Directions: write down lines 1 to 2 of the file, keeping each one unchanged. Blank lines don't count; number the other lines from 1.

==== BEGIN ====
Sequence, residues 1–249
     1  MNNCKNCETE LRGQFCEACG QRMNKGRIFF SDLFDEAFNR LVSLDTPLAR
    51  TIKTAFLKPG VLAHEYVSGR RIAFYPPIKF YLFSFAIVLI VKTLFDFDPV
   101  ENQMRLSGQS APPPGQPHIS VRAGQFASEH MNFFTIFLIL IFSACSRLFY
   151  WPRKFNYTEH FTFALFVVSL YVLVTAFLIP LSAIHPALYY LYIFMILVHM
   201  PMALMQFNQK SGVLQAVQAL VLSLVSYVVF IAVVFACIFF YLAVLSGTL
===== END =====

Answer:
Sequence, residues 1–249
     1  MNNCKNCETE LRGQFCEACG QRMNKGRIFF SDLFDEAFNR LVSLDTPLAR